How Germany’s leading Corporate Governance advocate was let down by the Supervisory Board system
“At ThyssenKrupp good corporate governance is an issue which embraces all areas of the Group. It promotes the trust of investors, financial markets, business partners, employees and the general public in the management and oversight of the Company and is essential to the Company’s sustainable success. The Executive Board and Supervisory Board regard it as their duty to secure the Company’s continued existence and sustainable value creation through responsible corporate governance focused on the long term.
The Executive Board and Supervisory Board work closely together in the interest of the Company. An intensive, continuous dialogue between the two boards is the basis for efficient corporate management. We have enhanced and intensified this dialogue step by step and in accordance with national and international standards.
Corporate governance at ThyssenKrupp is based on the German Corporate Governance Code, as published by the Government Commission, under the chairmanship of Dr. Gerhard Cromme, on February 26, 2002 and amended most recently on May 15, 2012.”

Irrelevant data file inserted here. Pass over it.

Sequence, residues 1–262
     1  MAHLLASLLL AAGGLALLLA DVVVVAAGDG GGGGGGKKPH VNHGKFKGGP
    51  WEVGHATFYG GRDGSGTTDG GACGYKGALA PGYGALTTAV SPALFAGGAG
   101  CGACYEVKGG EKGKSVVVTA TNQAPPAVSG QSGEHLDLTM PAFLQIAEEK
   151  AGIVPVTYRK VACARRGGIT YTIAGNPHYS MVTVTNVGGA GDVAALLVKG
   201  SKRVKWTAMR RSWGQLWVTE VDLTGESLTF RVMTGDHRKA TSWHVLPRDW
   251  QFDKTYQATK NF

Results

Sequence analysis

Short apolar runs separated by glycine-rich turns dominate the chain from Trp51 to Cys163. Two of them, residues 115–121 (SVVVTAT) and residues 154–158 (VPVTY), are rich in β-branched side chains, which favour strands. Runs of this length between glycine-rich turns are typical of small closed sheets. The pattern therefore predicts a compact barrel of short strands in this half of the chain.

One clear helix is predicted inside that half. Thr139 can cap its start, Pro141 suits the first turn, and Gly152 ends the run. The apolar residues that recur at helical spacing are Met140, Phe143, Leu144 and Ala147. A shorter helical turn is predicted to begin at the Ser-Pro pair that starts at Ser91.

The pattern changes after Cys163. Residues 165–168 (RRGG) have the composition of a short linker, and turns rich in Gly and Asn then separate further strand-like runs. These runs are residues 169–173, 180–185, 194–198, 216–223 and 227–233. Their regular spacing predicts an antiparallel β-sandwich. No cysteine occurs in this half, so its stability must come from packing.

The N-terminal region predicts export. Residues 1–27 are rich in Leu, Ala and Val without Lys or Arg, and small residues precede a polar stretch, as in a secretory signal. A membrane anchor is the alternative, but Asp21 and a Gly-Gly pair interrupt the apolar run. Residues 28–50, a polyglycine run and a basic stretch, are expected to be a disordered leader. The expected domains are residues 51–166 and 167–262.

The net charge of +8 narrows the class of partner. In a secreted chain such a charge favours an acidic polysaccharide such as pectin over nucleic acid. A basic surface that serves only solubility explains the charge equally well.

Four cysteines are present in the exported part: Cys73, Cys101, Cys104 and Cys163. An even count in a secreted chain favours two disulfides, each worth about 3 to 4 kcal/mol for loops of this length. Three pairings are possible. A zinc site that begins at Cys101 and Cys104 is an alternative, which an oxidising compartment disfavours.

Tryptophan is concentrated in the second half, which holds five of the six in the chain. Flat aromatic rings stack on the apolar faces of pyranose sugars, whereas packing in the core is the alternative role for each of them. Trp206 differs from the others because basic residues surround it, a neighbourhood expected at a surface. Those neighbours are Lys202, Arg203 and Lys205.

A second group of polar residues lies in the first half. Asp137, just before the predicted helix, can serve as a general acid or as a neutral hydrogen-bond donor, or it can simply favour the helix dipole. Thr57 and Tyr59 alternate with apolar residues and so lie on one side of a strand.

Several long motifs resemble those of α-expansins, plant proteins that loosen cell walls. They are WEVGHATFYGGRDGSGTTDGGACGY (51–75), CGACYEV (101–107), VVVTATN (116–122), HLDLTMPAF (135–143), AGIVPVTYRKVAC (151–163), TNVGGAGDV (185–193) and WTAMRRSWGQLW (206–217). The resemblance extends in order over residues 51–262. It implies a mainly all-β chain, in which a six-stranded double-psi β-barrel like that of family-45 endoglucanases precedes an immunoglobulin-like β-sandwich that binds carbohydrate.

That extract is taken from the ThyssenKrupp website.
What led to last Friday’s (19 January) vote by 31% of shareholders against the respected Gerhard Cromme’s re-election as chairman after 10 years? Dr Cromme made his name in German corporate governance circles by cleaning up Siemens after a scandal at its own corporate head. Cromme must feel embarrassed at being accused of sleeping on the job of corporate governance, having complained fifteen years earlier about what he saw as poor corporate behaviour by Thyssen when he, as chief executive of Krupp Hoesch, made an unwelcome (but successful) bid to take over its larger rival, Thyssen. He subsequently went on to become an acknowledged icon of modern corporate governance practices in Germany. He now pleads for understanding on the basis that he, presumably together with the other members of the Supervisory Board, was mislead by the executives on the Executive Board.